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The W Suite | Empathic and authentic leadership is important: Yash Samat

Diversity in the workforce has become a necessity today, and more so in the leadership positions. It can’t be denied that women bring a high level of creativity and empathy while solving problems and handling crises. Women leaders bring to the table a different level of dexterity. 

Adgully’s ‘The W-Suite’ series features interactions with influential women leaders in India, who share some deep insights on what being a woman leader means in India’s business landscape, the mantras to succeed, achieving work-life balance, pay parity and much more. 

Yashaswini Samat, Chairman and Managing Director, Grey Group India, is the first woman to head the group in India. She had joined Grey in 1994 as an Account Director and has continued and grown with the group. In the course of her career, Samat has worked in multiple markets, driving integrated strategies and communication plans for big brands as well as a range of P&G brands. She has led and mentored large teams across different geographies (Europe, Asia and North America), diverse disciplines and cultures. Before moving back to Asia, Samat was the Global Brand Agency Leader for Pantene based out of New York. 

Samat has also been Managing Director & Executive Vice President, P&G - Asia Pacific Middle East and Africa, Greater China, and has been leading Grey’s biggest client, P&G, for the AMEA region. 

She is currently based in Mumbai and works closely with Nirvik Singh, Chairman & CEO, Grey Group Asia Pacific, Middle East and Africa, to expand Grey’s roadmap of collaborative and innovative solutions for clients’ business problems as well as continue to build upon the Grey brand in India. 

Being Grey’s first woman boss, your role and responsibility has drastically changed. How do you maintain a balance between career goals and family responsibilities?
I think I got lucky. I believe it’s important to have the right support system. My husband and I have been equal partners throughout our lives. I also think my husband is good with our son than I am ever since his childhood. Moreover, the support from my parents and in-laws, and having really good house helps around for the longest time have all made a big difference. 

Today, I am at a different life stage. My son is 23 and he is working, my husband has his own career and job so do. The major change at this stage is instead of looking after your children, you are looking after your parents. Now at this stage pursuing a career is a bit easy. Once someone had said that women can have it all, but not at the same time. So, you have to do it at different life stages.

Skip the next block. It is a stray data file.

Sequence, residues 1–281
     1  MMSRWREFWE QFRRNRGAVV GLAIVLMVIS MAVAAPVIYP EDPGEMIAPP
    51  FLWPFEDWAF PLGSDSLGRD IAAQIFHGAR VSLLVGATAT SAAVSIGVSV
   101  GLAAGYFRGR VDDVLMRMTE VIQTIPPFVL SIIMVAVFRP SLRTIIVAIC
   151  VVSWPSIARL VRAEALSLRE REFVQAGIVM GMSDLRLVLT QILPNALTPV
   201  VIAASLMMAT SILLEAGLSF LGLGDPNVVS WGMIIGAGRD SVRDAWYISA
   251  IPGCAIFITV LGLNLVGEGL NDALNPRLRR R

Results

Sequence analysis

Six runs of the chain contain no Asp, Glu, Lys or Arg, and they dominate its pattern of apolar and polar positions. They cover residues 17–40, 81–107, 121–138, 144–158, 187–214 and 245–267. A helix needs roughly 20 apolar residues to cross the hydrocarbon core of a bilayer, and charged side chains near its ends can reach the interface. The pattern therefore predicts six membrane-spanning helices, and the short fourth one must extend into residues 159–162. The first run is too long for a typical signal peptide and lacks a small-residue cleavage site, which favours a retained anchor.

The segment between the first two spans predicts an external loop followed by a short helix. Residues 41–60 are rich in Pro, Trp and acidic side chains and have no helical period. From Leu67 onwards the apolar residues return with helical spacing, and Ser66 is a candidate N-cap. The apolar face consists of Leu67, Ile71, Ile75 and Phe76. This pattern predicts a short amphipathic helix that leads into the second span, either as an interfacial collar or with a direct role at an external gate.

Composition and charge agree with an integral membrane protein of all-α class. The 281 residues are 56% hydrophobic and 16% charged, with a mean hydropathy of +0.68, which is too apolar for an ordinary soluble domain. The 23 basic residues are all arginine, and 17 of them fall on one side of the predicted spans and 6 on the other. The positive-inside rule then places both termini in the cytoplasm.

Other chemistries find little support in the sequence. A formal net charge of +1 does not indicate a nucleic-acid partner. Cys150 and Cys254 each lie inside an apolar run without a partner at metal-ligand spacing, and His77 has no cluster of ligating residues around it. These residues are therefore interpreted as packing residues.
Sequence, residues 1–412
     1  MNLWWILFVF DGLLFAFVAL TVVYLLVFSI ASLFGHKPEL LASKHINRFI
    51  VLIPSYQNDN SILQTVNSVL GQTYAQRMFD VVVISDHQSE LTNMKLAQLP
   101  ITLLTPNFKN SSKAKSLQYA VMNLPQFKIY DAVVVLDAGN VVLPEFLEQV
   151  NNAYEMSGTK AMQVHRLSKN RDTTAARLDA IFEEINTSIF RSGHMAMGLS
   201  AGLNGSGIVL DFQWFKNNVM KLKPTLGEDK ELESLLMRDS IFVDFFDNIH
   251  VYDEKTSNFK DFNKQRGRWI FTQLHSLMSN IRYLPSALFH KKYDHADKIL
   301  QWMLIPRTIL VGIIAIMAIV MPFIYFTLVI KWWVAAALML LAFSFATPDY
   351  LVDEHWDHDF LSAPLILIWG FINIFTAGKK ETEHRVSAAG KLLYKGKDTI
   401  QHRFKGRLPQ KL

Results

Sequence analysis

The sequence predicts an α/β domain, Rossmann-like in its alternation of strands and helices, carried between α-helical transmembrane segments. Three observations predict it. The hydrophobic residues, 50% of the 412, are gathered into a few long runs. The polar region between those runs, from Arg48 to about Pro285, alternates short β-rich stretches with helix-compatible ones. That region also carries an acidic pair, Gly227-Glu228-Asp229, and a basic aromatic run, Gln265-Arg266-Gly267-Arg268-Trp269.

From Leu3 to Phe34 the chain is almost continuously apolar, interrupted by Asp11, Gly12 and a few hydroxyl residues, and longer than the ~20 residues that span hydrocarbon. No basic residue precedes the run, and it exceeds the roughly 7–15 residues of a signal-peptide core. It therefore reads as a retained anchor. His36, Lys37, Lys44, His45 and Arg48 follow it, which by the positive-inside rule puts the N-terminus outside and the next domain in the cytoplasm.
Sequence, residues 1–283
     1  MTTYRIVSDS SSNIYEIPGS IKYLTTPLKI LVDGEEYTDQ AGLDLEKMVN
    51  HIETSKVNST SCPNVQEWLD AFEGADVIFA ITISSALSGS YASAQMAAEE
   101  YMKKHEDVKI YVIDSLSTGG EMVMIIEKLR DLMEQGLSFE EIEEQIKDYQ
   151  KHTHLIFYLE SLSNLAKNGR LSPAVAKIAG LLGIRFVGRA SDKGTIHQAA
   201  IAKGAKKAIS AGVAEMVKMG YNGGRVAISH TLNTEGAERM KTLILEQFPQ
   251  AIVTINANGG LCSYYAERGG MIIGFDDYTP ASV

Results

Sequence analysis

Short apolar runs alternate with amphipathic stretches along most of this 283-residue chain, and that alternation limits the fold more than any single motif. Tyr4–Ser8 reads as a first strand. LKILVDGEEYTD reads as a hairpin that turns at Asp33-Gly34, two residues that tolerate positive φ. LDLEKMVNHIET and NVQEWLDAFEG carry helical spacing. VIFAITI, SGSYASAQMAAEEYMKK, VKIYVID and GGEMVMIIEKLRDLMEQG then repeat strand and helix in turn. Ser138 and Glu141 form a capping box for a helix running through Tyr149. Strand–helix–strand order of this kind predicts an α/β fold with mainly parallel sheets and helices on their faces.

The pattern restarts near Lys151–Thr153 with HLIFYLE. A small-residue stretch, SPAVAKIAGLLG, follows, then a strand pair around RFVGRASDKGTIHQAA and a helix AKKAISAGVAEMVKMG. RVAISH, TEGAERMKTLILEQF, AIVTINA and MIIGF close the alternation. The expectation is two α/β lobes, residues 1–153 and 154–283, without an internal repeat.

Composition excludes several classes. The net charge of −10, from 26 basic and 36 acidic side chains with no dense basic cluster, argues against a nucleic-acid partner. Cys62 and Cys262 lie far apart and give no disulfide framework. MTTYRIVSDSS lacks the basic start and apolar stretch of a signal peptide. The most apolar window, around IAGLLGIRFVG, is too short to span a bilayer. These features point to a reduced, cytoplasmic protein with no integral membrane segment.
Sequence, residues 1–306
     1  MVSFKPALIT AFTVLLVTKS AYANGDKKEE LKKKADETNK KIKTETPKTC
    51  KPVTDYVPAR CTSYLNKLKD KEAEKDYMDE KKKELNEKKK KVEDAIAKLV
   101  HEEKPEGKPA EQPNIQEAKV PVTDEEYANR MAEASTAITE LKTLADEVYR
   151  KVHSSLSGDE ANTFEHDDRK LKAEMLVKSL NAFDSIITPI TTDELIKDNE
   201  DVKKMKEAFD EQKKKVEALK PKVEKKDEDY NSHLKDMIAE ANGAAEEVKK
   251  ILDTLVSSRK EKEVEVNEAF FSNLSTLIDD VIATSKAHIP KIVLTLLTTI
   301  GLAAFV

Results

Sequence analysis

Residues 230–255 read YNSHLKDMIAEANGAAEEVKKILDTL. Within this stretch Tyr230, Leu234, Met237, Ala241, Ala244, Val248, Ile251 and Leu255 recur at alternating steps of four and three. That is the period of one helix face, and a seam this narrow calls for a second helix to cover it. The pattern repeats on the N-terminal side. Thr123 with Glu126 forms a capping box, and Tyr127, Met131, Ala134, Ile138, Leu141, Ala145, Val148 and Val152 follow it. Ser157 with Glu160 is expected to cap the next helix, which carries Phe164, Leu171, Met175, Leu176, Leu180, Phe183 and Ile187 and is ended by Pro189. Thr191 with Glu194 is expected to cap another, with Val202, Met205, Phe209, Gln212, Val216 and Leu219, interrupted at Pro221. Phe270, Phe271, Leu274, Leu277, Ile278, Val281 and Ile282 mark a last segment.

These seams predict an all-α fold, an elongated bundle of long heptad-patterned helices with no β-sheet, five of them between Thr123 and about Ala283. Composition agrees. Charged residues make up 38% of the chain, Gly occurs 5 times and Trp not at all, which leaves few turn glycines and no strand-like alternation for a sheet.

How would you define today’s woman leader?
As a leader, I believe one’s leadership style must be authentic and true to oneself, firstly. Yet there are other things that one must learn from other people; things that other people have failed and succeeded. Moreover, as a leader there are a lot of things to figure out, like keeping up with what’s going around in the industry and balancing it out with one’s business, future changes that are foreseen, hard work, being business driven, etc. I think for me what has really been important is empathic and authentic leadership. I have been in some kind of a leadership role for a long time and what has worked for me is that I have always been honest and true to what I believe in and what’s right for the business of course, bringing a balance between the two and hearing different points of view, figuring out the right solutions. Well, that’s my business approach. 

Nowadays, there are several issues related to gender diversity. Once you mentioned a term ‘Femvertising’. Could throw some light on this term?
I have to give credit to Dove as they highlighted the social tensions that women come across globally in their lives and how to create a brand purpose out of it for products that women use a lot – whether it’s the social structure or place in the family, working, home maker, beauty, etc. I think this was 15-20 years ago. I also think the consumers are really smart and they know when it is being used in a self-serving way or in a way that either the brand has no right to play there or that it is just being superficial and manipulative about it. Some brands have really done it well. I think in our business it’s important to catch these social change trends and act when it’s just about to peak. 

I also think the role of communication at one level is using social issues to tell their brand purpose and story, but at another level impacting that issue in good way towards a right direction is a very interesting space. You just have to make sure you are true and authentic and at the right time. 

The term ‘Femverting’ stands for feministic advertising. So many people are doing it and a lot of it is very packed stuff. At times it just looks good because you are following the trend and sometimes it also goes on a wrong path. There is also a term called ‘Goodvertising’, which is for good. For example, in the Pepsi ad their intent was to ride on something that was supposed to be good for you, but people eventually realised it was fake and terrible. More importantly, as a brand it is important to figure out what the purpose is and what piece is important to you and do a lot more with it. For instance, on Mother’s Day, Father’s Day, etc., if flowers and chocolates are supposed to be sold, then that really is different. But if you want to do all deep emotional stuff, then have something that you can sustain for a longer period. I think if you are selling – well, that’s what our job is all about – it has to be far more meaningful and have a far greater impact, otherwise people will see right through it.